The whole country salutes the zeal of Wing Commander Abhinandan Varthaman’s, bravery and fondness. Today, every Indian’s chest has swelled with pride, and the country is full of praise for brave soldier.

The country is seeing an atmosphere of celebrations as never seen before.

Following the return of the Wing Commander Abhinandan Varthaman, many veterans including Prime Minister Narendra Modi, Defense Minister Nirmala Sitharaman, Lok Sabha Speaker Sumitra Mahajan, Union Minister VK Singh and Congress President Rahul Gandhi have expressed their happiness.

Many veterans of the sporting world saluted the zeal, bravery and enthusiasm of Wing Commander Abhinandan Varthaman .

These include the BCCI, Team India captain Virat Kohli, VVS Laxman, Anil Kumble who greeted the valor of Wing Commander Abhinandan Varthaman :

Several other celebrities on social media are tweeting the bravery of Wing Commander Abhinandan Varthaman .


Also ReadFlights axed, diverted as India-Pakistan tensions soar




Venezuela calls U.S. comments on Guyana dispute ‘interventionist’

From the South: The Venezuelan Foreign Ministry has issued a statement demanding an end to US intervention in the affairs of the Latin American country, after recently intercepting an Exxon oil ship violating its territory.


CARACAS (Reuters) – Venezuela’s foreign ministry on Tuesday described as “interventionist and disrespectful” U.S. comments on a weekend incident in which the country’s navy stopped two ships exploring for oil for Exxon Mobil (XOM.N) off Guyana’s coast.

Each of the neighbouring South American countries says the incident on Saturday occurred within its territorial waters. In response to the event, the U.S. State Department said Venezuela had behaved “aggressively” and called on the country to “respect international law and the rights of its neighbours.”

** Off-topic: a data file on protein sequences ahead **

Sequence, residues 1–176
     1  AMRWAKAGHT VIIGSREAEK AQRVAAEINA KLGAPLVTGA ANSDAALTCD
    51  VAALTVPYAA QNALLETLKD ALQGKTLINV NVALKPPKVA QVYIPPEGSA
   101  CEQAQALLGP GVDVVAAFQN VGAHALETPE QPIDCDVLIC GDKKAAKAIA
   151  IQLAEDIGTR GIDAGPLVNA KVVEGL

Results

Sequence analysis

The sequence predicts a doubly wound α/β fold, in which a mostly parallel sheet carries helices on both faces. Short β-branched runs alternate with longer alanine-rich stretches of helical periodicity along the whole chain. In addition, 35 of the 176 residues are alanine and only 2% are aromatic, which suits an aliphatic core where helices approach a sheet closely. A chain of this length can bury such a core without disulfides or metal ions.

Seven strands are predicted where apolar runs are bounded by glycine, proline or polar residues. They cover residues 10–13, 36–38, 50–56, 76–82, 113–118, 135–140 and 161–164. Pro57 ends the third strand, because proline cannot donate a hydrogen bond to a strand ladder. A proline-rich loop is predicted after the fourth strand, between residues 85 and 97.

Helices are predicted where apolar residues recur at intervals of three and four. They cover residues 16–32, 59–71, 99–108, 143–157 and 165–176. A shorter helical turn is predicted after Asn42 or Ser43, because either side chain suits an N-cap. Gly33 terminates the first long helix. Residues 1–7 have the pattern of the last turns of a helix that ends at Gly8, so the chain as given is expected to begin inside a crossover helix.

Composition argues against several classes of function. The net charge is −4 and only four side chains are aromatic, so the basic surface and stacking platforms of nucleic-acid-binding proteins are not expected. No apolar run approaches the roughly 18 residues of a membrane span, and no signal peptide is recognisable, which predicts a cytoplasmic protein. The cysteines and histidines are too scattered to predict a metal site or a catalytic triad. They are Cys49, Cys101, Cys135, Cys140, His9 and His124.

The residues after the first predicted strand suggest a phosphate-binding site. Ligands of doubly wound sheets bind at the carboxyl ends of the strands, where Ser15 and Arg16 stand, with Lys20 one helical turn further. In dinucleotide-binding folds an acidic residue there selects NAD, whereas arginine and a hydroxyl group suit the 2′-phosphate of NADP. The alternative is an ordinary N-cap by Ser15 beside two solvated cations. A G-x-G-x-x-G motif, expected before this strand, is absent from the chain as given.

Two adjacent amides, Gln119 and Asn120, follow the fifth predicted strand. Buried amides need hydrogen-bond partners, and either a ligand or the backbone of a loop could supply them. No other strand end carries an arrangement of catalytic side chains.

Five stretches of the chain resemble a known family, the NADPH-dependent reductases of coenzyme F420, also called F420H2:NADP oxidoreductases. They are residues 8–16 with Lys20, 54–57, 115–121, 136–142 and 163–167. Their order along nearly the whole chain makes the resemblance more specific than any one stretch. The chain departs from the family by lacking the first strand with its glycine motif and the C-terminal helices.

“It is evident that the U.S. government is interfering in a matter that is not at all incumbent upon it, with the goal of promoting corporate interests closely linked to the Washington ruling elite,” the foreign ministry said in a statement.

Socialist President Nicolas Maduro has accused the United States of plotting to invade Venezuela and overthrow his government, while Washington has placed sanctions on Venezuela’s debt and members of Maduro’s government over accusations of corruption, human rights violations and election-rigging.

A century-long territorial dispute between Venezuela and Guyana has flared up in recent years with Exxon’s discovery of more than 5 billion barrels of oil and gas off Guyana’s coast. In OPEC-member Venezuela, crude output is hovering near 70-year lows amid a severe economic crisis.

Guyana says Caracas gave up its claim to the Essequibo, a sparsely populated jungle area making up two-thirds of Guyana’s territory, after an 1899 ruling by an international tribunal, but Venezuela later backtracked on that decision. The U.N. this year referred the dispute to the International Court of Justice.

Two vessels owned by Norway’s Petroleum Geo-Services (PGS.OL) and under contract by Exxon Mobil were conducting seismic survey work in the area. The ships stopped their work and turned east after the Venezuelan navy told them Guyana did not have jurisdiction there.

When asked on Monday if there were plans for the vessels to resume their activities, Guyana Foreign Affairs Minister Carl Greenidge said the government was “in discussion” with Exxon. Neither Exxon nor PGS immediately responded to requests for comment on Tuesday, and the U.S. State Department declined to comment.

On Monday, the Caricom group of 15 Caribbean nations including Guyana – many of which have historically received subsidized oil from Venezuela under Caracas’ Petrocaribe programme – said it viewed the “interception” by Venezuela’s navy “with grave concern.”

“Such acts violate the sovereign rights of Guyana under international law,” the group said in a statement.

Reporting by Luc Cohen and Vivian Sequera in Caracas; Additional reporting by Yeganeh Torbati in Washington; Editing by Steve Orlofsky and Dan Grebler